Mumps/Parotitis is a topic covered in the Select 5-Minute Pediatrics Topics.

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Basics

Description

Centers for Disease Control and Prevention (CDC) clinical case definition for mumps: illness with acute onset of unilateral or bilateral, tender, self-limited swelling of the parotid or other salivary gland, lasting ≥2 days, without other apparent cause

Epidemiology

Incidence

  • In the prevaccine era, 90% of all children contracted mumps virus infection by 14 years of age.
  • Incidence of this once very common disease has declined dramatically since the advent of universal childhood immunization.
  • Outbreaks, however, continue to occur.
  • 200–300 cases per year reported in the United States since 2001
  • In early 2006, a large epidemic broke out in Iowa and neighboring states:
    • 11 states reported >2,500 cases.
    • Largest epidemic since 1988
    • Median age of patient was 21 years (mostly college students)
    • Led CDC and American College Health Association to recommend 2 doses of MMR vaccine to be a requirement for college entry
  • In 2006, 81–100% of children entering United States schools had received 2 doses of mumps vaccine.
  • In 2009–2010, an outbreak of mumps occurred in a highly vaccinated population in the northeastern United States. Intense exposure facilitated transmission. Previous vaccination appeared to limit the severity of disease.
  • Seroprevalence of antibody to mumps virus in the United States population (1999–2004) is estimated at 90%.

General Prevention

  • 2 combination mumps vaccine are used:
    • MMR: Measles, mumps, rubella
    • MMRV: Measles, mumps, rubella, varicella
  • A single 0.5-mL SC injection of live mumps vaccine (MMR or MMRV) is recommended at 12–15 months.
  • A second vaccination is recommended between 4 and 6 years of age.
  • The efficacy of 2 doses of vaccines is estimated at approximately 80–90%.
  • Primary vaccine failure and waning vaccine-induced immunity have been reported.
  • Some have suggested the need for a 3rd vaccination to mitigate waning immunity. Preliminary studies indicate no increase in adverse effects after a 3rd vaccination.
  • The 1st dose of MMR vaccine sometimes causes fever and rash:
    • These symptoms occur 7–12 days after immunization.
    • Measles component is usually the culprit.
  • Both MMRV and MMR vaccines, but not varicella vaccine alone, are associated with increased outpatient fever visits and seizures 5–12 days after vaccination in 12- to 23-month-olds, with MMRV vaccine increasing fever and seizure twice as much as the MMR + varicella vaccine.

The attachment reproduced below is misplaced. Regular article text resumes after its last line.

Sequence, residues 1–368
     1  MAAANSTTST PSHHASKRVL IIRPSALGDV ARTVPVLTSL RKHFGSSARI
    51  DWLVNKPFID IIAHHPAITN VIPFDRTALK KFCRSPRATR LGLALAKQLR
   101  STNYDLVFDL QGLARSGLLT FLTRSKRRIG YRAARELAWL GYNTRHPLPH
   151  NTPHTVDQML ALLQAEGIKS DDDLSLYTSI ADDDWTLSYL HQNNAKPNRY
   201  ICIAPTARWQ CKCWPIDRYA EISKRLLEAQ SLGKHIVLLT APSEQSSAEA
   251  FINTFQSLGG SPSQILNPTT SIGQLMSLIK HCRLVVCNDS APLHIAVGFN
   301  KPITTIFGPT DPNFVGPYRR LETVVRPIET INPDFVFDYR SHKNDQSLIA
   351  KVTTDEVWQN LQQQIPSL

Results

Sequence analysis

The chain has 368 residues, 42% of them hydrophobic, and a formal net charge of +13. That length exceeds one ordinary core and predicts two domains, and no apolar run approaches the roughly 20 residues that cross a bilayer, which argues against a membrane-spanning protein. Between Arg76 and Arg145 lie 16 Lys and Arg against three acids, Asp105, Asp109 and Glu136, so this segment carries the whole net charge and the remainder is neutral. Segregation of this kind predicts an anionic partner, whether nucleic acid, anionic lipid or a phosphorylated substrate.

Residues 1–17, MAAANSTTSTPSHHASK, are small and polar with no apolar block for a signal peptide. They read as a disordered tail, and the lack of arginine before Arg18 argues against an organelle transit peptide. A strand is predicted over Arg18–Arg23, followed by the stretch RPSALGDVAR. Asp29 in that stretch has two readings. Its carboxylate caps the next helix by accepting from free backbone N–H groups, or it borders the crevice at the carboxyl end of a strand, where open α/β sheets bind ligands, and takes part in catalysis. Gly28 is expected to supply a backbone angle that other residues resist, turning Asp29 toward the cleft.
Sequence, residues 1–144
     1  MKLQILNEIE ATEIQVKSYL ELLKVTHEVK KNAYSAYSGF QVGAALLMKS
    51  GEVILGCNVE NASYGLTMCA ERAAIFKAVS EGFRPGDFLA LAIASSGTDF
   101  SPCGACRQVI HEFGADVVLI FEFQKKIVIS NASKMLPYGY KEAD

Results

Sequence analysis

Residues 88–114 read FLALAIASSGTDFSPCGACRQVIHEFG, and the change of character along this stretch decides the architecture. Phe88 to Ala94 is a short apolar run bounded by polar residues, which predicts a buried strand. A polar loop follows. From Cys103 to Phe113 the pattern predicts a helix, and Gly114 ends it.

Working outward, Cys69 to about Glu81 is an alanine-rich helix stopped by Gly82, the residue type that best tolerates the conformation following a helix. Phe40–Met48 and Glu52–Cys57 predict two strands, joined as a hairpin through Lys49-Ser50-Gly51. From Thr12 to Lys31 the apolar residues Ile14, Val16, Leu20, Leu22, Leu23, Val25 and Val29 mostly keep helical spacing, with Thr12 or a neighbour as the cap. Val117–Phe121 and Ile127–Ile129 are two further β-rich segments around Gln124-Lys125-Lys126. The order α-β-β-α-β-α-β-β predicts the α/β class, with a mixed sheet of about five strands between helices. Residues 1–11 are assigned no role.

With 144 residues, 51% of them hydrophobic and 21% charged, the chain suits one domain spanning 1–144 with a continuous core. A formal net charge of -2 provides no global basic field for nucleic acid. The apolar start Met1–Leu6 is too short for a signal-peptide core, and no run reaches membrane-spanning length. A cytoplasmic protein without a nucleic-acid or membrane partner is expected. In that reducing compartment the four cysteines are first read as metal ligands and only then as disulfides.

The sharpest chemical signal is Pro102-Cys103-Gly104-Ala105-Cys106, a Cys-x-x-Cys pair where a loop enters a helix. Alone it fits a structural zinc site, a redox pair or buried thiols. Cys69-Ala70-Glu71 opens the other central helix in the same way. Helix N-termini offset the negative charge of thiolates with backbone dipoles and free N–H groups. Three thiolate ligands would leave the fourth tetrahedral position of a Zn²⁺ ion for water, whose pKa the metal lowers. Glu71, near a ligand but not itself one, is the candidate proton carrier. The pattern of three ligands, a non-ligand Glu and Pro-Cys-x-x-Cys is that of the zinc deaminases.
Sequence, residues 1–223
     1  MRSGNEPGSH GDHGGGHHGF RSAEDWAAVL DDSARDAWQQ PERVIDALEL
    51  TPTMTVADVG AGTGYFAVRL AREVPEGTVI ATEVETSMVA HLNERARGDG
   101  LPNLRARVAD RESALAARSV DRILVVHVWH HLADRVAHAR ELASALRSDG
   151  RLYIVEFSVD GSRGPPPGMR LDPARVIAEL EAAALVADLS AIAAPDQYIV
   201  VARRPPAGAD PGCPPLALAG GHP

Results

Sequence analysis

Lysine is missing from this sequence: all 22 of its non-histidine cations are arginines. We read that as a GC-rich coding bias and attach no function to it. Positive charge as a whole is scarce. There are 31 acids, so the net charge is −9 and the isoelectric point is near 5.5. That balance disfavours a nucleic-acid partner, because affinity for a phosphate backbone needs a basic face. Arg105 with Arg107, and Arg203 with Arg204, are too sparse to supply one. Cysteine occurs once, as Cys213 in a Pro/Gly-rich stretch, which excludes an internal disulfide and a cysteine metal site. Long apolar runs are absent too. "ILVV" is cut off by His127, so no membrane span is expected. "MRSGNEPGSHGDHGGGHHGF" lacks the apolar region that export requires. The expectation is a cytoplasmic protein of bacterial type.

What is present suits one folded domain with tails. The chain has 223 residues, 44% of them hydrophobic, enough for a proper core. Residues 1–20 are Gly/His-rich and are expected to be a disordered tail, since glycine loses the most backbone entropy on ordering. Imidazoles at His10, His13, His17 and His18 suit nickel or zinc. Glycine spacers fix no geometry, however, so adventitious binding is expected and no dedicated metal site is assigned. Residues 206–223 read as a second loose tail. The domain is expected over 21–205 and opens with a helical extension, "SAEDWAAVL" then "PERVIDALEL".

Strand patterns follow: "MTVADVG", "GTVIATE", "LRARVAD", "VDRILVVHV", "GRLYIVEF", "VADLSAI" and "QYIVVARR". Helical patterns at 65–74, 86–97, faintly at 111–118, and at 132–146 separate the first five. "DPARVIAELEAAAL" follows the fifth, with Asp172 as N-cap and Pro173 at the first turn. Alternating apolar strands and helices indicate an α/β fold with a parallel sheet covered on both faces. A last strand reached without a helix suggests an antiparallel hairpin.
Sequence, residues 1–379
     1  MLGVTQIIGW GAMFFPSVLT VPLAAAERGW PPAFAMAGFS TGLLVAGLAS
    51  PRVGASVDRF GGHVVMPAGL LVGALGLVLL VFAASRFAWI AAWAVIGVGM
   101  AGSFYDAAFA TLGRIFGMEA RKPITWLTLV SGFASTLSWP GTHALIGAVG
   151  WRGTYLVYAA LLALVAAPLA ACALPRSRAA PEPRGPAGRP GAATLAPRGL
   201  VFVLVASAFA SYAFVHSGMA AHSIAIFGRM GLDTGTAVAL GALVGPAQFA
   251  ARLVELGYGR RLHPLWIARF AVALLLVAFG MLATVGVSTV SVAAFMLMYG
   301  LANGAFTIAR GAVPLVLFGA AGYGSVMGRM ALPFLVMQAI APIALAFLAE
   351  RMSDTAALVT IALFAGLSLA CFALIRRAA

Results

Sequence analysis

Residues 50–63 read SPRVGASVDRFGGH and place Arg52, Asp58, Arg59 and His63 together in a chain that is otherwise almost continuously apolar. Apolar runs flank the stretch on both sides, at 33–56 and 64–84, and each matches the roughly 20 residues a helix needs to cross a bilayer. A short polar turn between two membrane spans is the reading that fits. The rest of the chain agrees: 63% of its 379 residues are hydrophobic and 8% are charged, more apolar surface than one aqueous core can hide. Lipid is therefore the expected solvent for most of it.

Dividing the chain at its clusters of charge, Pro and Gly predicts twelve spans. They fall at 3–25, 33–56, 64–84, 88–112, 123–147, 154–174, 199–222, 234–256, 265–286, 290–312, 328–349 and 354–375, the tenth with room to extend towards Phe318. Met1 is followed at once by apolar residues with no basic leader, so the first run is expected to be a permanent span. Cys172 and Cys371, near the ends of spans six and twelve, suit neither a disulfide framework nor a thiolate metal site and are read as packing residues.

• Vaccine should not be administered to children who are immunocompromised by disease or pharmacotherapy, as well as to pregnant women.
  • If a child has recently received immune globulin, administration of MMR vaccine should be delayed (for 3–11 months depending on the dose of IG).
  • Children with HIV infection who are not severely immunocompromised should be immunized with the MMR vaccine.
  • 1 attack of mumps (clinical or subclinical) usually confers lifelong immunity.
  • Links of the MMR vaccine to autism by Andrew Wakefield MB, BS in a 1998 Lancet publication have now been exposed as fraudulent.

Pathophysiology

  • The virus is spread by contact with respiratory secretions.
  • The mumps virus enters via the respiratory tract, and a viremia ultimately ensues.
  • The virus spreads to many organs, including the salivary glands, gonads, pancreas, and meninges.
  • Period of communicability: 7 days before to 9 days after onset of parotid swelling
  • Most communicable period: 2–3 days before to 5 days after onset of parotid swelling
  • Incubation period: 12–25 days after exposure
  • Humans are the only known host for mumps.

Etiology

  • Epidemic parotitis is caused by mumps, an RNA virus in the Paramyxoviridae family.
  • Other viral causes of parotitis include Epstein-Barr virus, cytomegaloviruses, influenza, parainfluenza, and enteroviruses
  • Parotid enlargement can be an initial sign in HIV-infected children.
  • Bacterial cases are usually secondary to Staphylococcus aureus (suppurative parotitis).
  • Streptococci, gram-negative bacilli, and anaerobic infections are also possible.
  • Rare childhood cases may be secondary to an obstructing calculus, foreign body (sesame seed), tumors, sarcoid, Sjögren syndrome, or various drugs (antihistamines, phenothiazines, iodine-containing drugs/contrast media).

Commonly Associated Conditions

  • Salivary adenitis
    • Most common manifestation of mumps
    • 1/3 of cases occur subclinically
  • Epididymoorchitis
    • Up to 35% of adolescent mumps cases are complicated by orchitis.
    • Orchitis develops within 4–10 days of the onset of the parotid swelling.
    • Sterility is uncommon.
  • Aseptic meningitis
  • Pancreatitis
    • Mild inflammation is common.
    • Serious involvement is rare.

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Citation

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TY - ELEC T1 - Mumps/Parotitis ID - 14147 Y1 - 2015 PB - Select 5-Minute Pediatrics Topics UR - https://im.unboundmedicine.com/medicine/view/Select-5-Minute-Pediatric-Consult/14147/all/Mumps_Parotitis ER -